The failure of insomnia to remit after 7-10 days of treatment may indicate the presence of a primary psychiatric and/or medical illness.

Worsening of insomnia or the emergence of new abnormalities of thinking or behavior may be the consequence of an unrecognized psychiatric or physical disorder. These have also been reported to occur in association with the use of triazolam.

Because some of the adverse effects of triazolam appear to be dose related, it is important to use the smallest possible effective dose. Elderly patients are especially susceptible to dose related adverse effects.

An increase in daytime anxiety has been reported for triazolam after as few as 10 days of continuous use. In some patients this may be a manifestation of interdose withdrawal. If increased daytime anxiety is observed during treatment, discontinuation of treatment may be advisable.

A variety of abnormal thinking and behavior changes have been reported to occur in association with the use of benzodiazepine hypnotics including triazolam. Some of these changes may be characterized by decreased inhibition, e.g. aggressiveness and extroversion that seem excessive, similar to that seen with alcohol and other CNS depressants (e.g., sedative/hypnotics). Other kinds of behavioral changes have also been reported, for example, bizarre behavior, agitation, hallucinations, depersonalization. In primarily depressed patients, the worsening of depression, including suicidal thinking, has been reported in association with the use of benzodiazepines.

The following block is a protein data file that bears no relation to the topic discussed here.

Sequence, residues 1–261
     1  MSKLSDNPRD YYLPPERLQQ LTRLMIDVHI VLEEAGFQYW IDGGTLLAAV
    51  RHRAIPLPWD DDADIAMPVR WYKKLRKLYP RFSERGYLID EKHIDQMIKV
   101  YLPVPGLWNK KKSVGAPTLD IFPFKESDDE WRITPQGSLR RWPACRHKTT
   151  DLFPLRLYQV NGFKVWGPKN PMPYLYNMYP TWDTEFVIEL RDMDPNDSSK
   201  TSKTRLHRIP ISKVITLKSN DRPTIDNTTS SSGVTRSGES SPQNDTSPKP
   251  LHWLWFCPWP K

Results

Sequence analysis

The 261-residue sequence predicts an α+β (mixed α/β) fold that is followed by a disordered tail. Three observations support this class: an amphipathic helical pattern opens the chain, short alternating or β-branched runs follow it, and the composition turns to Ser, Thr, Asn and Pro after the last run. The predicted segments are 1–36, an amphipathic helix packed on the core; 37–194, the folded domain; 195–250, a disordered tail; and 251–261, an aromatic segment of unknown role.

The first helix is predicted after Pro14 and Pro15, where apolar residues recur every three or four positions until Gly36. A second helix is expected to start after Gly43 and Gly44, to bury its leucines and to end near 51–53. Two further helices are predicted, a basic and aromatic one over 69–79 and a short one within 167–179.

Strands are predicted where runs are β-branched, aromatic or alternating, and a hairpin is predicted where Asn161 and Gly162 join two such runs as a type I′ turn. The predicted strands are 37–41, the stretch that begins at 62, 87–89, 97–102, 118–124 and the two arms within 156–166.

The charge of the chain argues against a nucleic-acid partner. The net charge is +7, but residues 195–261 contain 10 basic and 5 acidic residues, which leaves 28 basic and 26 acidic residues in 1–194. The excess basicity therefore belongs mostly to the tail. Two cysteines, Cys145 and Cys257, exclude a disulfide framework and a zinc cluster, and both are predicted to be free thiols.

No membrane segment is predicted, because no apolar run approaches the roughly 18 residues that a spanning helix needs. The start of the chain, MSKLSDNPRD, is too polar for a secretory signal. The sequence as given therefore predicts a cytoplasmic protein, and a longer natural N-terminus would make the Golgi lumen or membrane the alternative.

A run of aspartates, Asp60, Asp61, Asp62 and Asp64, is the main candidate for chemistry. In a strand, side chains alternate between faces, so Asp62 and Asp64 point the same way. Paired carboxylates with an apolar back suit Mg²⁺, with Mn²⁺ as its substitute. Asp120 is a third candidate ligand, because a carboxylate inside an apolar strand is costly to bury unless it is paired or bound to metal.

As with some, but not all benzodiazepines, anterograde amnesia of varying severity and paradoxical reactions have been reported following therapeutic doses of triazolam. Data from several sources suggest that anterograde amnesia may occur at a higher rate with triazolam than with other benzodiazepine hypnotics.

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Precautions

In elderly and/or debilitated patients it is recommended that treatment with triazolam tablets be initiated at 0.125 mg to decrease the possibility of development of oversedation, dizziness, or impaired coordination.

Some side effects reported in association with the use of triazolam appear to be dose related. These include drowsiness, dizziness, light-headedness, and amnesia.

The relationship between dose and what may be more serious behavioral phenomena is less certain. Specifically, some evidence, based on spontaneous marketing reports, suggests that confusion, bizarre or abnormal behavior, agitation, and hallucinations may also be dose related, but this evidence is inconclusive. In accordance with good medical practice it is recommended that therapy be initiated at the lowest effective dose.

Suicide: Caution should be exercised if triazolam is prescribed to patients with signs or symptoms of depression that could be intensified by hypnotic drugs. Suicidal tendencies may be present in such patients and protective measures may be required. Intentional overdosage is more common in these patients, and the least amount of drug that is feasible should be available to the patient at any one time.

The usual precautions should be observed in patients with impaired renal or hepatic function, chronic pulmonary insufficiency, and sleep apnea. In patients with compromised respiratory function, respiratory depression and apnea have been reported infrequently.

Usage in Children:: The safety and effectiveness of olanzapine in children below the age of 18 have not been established.

Pregnancy and Withdrawl: Benzodiazepines may cause fetal damage when administered during pregnancy. Do not take if pregnant or attempting to become pregnant. Administration of triazolam to nursing mothers is not recommended.